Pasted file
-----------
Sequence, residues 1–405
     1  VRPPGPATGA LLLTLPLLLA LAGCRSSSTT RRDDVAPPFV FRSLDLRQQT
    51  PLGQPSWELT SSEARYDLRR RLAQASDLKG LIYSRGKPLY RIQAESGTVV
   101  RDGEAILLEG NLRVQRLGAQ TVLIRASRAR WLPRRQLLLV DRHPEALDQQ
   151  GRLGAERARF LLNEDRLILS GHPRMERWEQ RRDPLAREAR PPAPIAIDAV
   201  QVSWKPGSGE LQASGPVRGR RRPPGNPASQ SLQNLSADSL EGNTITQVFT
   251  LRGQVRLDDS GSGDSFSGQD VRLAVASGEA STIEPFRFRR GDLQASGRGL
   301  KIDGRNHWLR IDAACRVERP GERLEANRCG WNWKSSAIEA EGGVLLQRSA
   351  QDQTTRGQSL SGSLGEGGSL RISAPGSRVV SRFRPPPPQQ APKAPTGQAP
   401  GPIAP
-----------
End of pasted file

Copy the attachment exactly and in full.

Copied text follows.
Sequence, residues 1–405
     1  VRPPGPATGA LLLTLPLLLA LAGCRSSSTT RRDDVAPPFV FRSLDLRQQT
    51  PLGQPSWELT SSEARYDLRR RLAQASDLKG LIYSRGKPLY RIQAESGTVV
   101  RDGEAILLEG NLRVQRLGAQ TVLIRASRAR WLPRRQLLLV DRHPEALDQQ
   151  GRLGAERARF LLNEDRLILS GHPRMERWEQ RRDPLAREAR PPAPIAIDAV
   201  QVSWKPGSGE LQASGPVRGR RRPPGNPASQ SLQNLSADSL EGNTITQVFT
   251  LRGQVRLDDS GSGDSFSGQD VRLAVASGEA STIEPFRFRR GDLQASGRGL
   301  KIDGRNHWLR IDAACRVERP GERLEANRCG WNWKSSAIEA EGGVLLQRSA
   351  QDQTTRGQSL SGSLGEGGSL RISAPGSRVV SRFRPPPPQQ APKAPTGQAP
   401  GPIAP